This stolen relic, believed to contain a bone belonging to a saint who died in 1597, that disappeared from a confessional chapel in Germany four years ago has been recovered in France after an eagle-eyed collector alerted the authorities.
The theft took place in October 2017 when a golden arm believed to contain a bone belonging to Saint Peter Canisius, the patron saint of the Canisian Brotherhood, a Catholic Order founded in 1854, disappeared from a chapel in Kevelaer, a town in the German state of North Rhine-Westphalia.
The item was about to be put up for auction by an auction house in the French town of Doullens, which is located in the Somme department in northern France, with a starting bid of just EUR 4,500 (GBP 3500).
But luckily, an unnamed, eagle-eyed art collector recognised the item, remembering that he had read about the theft four years ago, and he alerted Professor Thomas Flammer, 46, the head of the art and culture department in the diocese of Muenster, to which Kevelaer belongs.
Flammer is quoted by the German daily Bild as saying: “An art collector from France got in touch. He had become aware of an auction – and remembered reading about the theft of the relic.”
The expert compared photographs from the auction house’s catalogue with images of the relic before it was stolen, and he said: “The relic seems to have been chemically treated, the strong gold sheen had disappeared. However, the thieves did not remove the label on the base, which clearly indicates the origin.”
The expert contacted the police, saying: “It was now a matter of speed, because the reliquary was to be auctioned off three days later, on 7th November.”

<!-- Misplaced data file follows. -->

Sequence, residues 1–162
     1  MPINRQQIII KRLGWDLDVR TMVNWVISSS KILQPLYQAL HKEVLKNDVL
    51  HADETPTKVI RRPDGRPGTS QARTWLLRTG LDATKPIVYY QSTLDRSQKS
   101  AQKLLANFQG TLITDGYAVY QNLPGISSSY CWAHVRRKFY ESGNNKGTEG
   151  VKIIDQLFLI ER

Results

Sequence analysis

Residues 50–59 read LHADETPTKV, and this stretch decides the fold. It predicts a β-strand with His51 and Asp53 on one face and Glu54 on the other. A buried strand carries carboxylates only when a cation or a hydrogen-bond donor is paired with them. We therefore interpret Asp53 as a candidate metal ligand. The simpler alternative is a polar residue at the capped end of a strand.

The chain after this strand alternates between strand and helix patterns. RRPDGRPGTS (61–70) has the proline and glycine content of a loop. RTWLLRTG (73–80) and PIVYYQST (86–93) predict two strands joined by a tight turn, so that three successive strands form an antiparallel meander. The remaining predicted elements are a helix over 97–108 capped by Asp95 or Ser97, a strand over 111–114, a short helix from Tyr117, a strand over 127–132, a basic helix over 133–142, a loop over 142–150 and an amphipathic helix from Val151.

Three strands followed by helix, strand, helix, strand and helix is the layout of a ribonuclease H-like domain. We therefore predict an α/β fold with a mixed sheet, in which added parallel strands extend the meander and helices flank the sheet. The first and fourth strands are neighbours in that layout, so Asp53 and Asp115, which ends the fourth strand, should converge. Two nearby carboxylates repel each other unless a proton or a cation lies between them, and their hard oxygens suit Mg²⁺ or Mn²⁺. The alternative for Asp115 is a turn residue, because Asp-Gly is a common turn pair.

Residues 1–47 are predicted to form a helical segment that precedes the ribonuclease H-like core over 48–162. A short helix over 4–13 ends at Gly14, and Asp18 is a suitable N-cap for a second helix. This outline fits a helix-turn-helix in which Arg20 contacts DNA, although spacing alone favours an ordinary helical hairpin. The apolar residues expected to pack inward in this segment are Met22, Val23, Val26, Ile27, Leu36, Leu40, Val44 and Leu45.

The expert was even permitted by the dioceses to bid on the item, should the auction go ahead.
But thankfully, assistance from the French police was requested via Interpol, and the French authorities went to the auction house and seized the stolen item.
Experts say that such an item could easily have reached a five-digit price on the market, according to Bild, not least because very few craftsmen alive today would be able to create an object like this.
The authorities are currently investigating how the relic ended up in the French auction house.
The shocked auction house was reportedly cooperative with the authorities.
It is currently unclear when the stolen item will be returned to Germany, with Flammer saying: “For now, it will be kept in a safe place.” It is also currently unclear if the reliquary still contains the alleged relic of Saint Peter Canisius.
In Kevelaer, the recovery has been met with joy, with Rector Gregor Kauling, 57, saying: “That was a surprise and I’m happy that everything now seems to be going well. Because Kevelaer is very closely connected to Saint Peter Canisius.”
Saint Peter Canisius, who is also known as Peter Kanis, was a famous Dutch Jesuit Catholic priest who defended the Catholic faith during the Protestant Reformation that took place in Austria, Germany, Switzerland and the British Isles. He was made a saint in 1925.
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